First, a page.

A new issue of Africa Spectrum is out. Samuel Andreas Admasie (Leiden): The Bourgeois Revolution of Ethiopia. Jeremy Prestholdt (UCSD): Africa and the Global Lives of Things. With hundreds of tribes and languages, slang English known as “Naija” is becoming the glue of Nigeria. The Throne of Zion: Emily Raboteau on the vision of the immaculate present that’s for sale at Sao Jorge da Mina, Ghana’s most notorious slave castle. The man who brought the black flag to Timbuktu: Islamist strongman Iyad Ag Ghali has taken the stage in North Africa — his rising power is giving him a lot of bad ideas. Somalia edges towards peace, with football part of the endgame. Outrageous freedom: In the face of deep prejudice and persecution, the Ugandan gay rights movement has crafted a surprising victory. Raiders of the Congo: James Bamford retraces the strange odyssey of Tjostolv "Mike" Moland and Joshua French and discovers that more than one hundred years after Heart of Darkness, some things never change. One of the greatest humanitarian crises since WWII: Five million people have died since 1998 — why is the media so silent on the long-standing conflict in Congo? Self Service: "Saving Africa" to achieve personal growth is not the way to see the world.


Donna E. Young (Albany): Post Race Posthaste: Towards an Analytical Convergence of Critical Race Theory and Marxism. Linda A. Malone (William and Mary): The Legal Dilemma of Guantanamo Detainees from Bush to Obama. From RealClearBooks, Mark Judge on the end of conservative nonfiction. The end of jazz: Benjamin Schwarz on how America’s most vibrant music became a relic. Emancipation of the Sign: Franco Berardi Bifo on poetry and finance during the twentieth century. He's never been good with languages, so can Joshua Foer really hope to learn Lingala in a day? The paradox of nonlethal weapons: Under international law, killing an enemy is more permissible than blinding him. From NYRB, a review essay by Gabriel Winslow-Yost on the work of Chris Ware and the triumph of the comic-book novel. An interview with Kenneth C. Davis, author of Don't Know Much About the American Presidents. Seyed Hossein Mousavian on ten reasons Iran doesn't want the bomb. What the bloody hell is wrong with you Americans? Alex Massie on why you should be embarrassed by the fascination with Kate Middleton's womb.


From Too Much, take all that post-election commentary about foolish billionaires and wasted millions in political contributions with a grain of salt — our billionaires don't have to actually win on Election Day to get their way; and Sam Pizzigati on five plutocracy-busting ideas worth a revisit. Should the top tax rate be 73 percent? Warren Buffett calls for a minimum tax for the wealthy. If Obama were proposing a truly balanced plan, he’d be calling for even more tax revenue or even less spending reduction. A simple way to get conservatives to support higher taxes on the rich: According to new research, changing the way the issue of income inequality is framed moves conservatives closer to a liberal position. Mary Beard on why the rich look down on the poor. Does capitalism breed hate? Don Fitz goes inside the psyche of the 1%. Paul Bucheit on ten numbers the rich would like fudged. Natasha Lewis speaks with Strike Debt member, professor, and author Andrew Ross on The Debt Resistor’s Operations Manual. Steve Fraser on the hollowing out of America: “Debtpocalypse” is merely the latest installment in a tragic, forty-year story of the dispossession of American workers. Amy Ludlow reviews Addicted to Profit: Reclaiming our Lives from the Free Market by Stuart Sim.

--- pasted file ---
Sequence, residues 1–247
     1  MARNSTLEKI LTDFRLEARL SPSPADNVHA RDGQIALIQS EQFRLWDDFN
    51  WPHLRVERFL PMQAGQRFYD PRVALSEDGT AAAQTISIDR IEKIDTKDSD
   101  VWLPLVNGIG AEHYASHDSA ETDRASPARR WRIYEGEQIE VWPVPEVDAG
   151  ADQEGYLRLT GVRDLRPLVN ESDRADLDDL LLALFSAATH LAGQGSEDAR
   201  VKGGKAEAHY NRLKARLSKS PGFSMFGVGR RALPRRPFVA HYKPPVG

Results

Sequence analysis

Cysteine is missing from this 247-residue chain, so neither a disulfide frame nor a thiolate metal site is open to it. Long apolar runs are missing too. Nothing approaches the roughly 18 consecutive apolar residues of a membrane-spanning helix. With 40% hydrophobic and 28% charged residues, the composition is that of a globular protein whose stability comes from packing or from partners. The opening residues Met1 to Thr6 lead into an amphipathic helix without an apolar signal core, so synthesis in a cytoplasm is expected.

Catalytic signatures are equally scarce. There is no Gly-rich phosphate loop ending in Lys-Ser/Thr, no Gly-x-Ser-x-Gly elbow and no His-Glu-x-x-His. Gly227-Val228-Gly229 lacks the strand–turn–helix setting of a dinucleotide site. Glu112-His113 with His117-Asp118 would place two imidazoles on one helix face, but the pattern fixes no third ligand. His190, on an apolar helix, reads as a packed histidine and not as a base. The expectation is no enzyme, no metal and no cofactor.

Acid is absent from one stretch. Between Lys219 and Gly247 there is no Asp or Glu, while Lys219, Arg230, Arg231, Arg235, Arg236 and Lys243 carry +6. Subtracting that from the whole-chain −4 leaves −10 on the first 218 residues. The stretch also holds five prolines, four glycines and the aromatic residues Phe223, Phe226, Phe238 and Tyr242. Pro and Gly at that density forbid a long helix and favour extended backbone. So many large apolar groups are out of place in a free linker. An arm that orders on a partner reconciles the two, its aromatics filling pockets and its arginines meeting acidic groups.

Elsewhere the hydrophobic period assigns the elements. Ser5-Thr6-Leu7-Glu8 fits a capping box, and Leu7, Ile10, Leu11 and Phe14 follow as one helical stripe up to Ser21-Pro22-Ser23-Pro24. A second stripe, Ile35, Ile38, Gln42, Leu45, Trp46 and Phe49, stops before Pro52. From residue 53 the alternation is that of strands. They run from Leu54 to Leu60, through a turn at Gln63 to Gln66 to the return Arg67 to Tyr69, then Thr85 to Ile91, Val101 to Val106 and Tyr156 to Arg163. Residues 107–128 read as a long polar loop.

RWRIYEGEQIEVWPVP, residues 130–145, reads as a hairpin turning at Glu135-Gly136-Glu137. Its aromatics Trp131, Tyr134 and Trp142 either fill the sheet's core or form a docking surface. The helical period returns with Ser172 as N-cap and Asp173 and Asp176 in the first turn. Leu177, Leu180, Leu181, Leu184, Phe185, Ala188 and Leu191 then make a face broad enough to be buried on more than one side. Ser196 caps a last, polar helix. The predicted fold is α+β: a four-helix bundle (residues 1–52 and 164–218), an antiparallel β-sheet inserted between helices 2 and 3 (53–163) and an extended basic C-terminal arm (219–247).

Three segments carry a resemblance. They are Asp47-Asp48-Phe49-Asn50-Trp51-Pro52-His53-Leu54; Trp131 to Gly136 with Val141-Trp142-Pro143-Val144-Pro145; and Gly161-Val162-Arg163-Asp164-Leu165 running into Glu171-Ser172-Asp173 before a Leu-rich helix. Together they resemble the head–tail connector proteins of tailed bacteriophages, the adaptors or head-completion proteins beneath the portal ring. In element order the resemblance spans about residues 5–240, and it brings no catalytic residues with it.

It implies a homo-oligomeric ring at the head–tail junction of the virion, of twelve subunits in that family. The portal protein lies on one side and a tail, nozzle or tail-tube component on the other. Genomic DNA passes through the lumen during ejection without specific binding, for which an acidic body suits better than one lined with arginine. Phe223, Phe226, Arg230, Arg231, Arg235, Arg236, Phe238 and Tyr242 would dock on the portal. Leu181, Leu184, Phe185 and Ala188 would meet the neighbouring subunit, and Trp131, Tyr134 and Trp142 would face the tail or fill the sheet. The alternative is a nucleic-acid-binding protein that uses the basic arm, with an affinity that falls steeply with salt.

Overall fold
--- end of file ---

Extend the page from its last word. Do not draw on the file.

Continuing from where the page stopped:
Cass Sunstein (Harvard): The Storrs Lectures: Behavioral Economics and Paternalism. From the Journal of Critical Realism, a series of book reviews. Simon Doonan on the eight worst things about the art world. The introduction to Facing Fear: The History of an Emotion in Global Perspective. Why are mean people so hot? It's not that meanies are more physically attractive than everyone else — they're just very good at fooling us. Colin Burrow reviews Literary Names: Personal Names in English Literature by Alastair Fowler. Sarah Scire interviews Oliver Burkeman, author of The Antidote: Happiness for People Who Can’t Stand Positive Thinking (and more and more). Depressive realism: An excerpt from the introduction to Anti-Matter: Michel Houellebecq and Depressive Realism by Ben Jeffery. Kevin Drum on a dictionary update: Serious vs. Unserious. No land ho: Frank Jacobs on Sandy Island and the age of un-discovery. Is the Harappan civilisation 2000 years older? Marc Herman on how someone successfully explained Egypt’s politics! Brian Tashman on how unhinged rhetoric sank a disabilities rights treaty in the Senate. Former Microsoft exec decides to just sell weed instead — fair enough.


Amos N. Guiora and Julia Chamberlin (Utah): Religion and the Status of Women. From Scholar & Feminist Online, a special issue on Feminist Media Theory: Iterations of Social Difference. From VQR, is there such a thing as the female conscience? Jean Bethke Elshtain wonders. Whether you were a cleric grappling with a life of celibacy or a noble forced to demonstrate his virility in combat, what was it like to be a man in the Middle Ages? Janna Bianchini busts some common misconceptions about women in the Middle Ages. Do we need men's lib? Berlin conference addresses male troubles. Jesse McLaren on why “men’s rights” groups are wrong. Why do men and women want different things? Jennifer Merchant on the “war on women”. Something strange is happening to feminists — we’re winning. Hollie Nyseth Brehm on (not) the end of men. Men and women can't be "just friends": Researchers asked women and men friends what they really think — and got very different answers. What is gender and why does it matter? Maria Fedoryka has some thoughts on femininity. Future Masculinity is an online course delivered by Joseph Gelfer via live web-based teleconferencing. Introducing The Sexes: Welcome to The Atlantic's newest channel.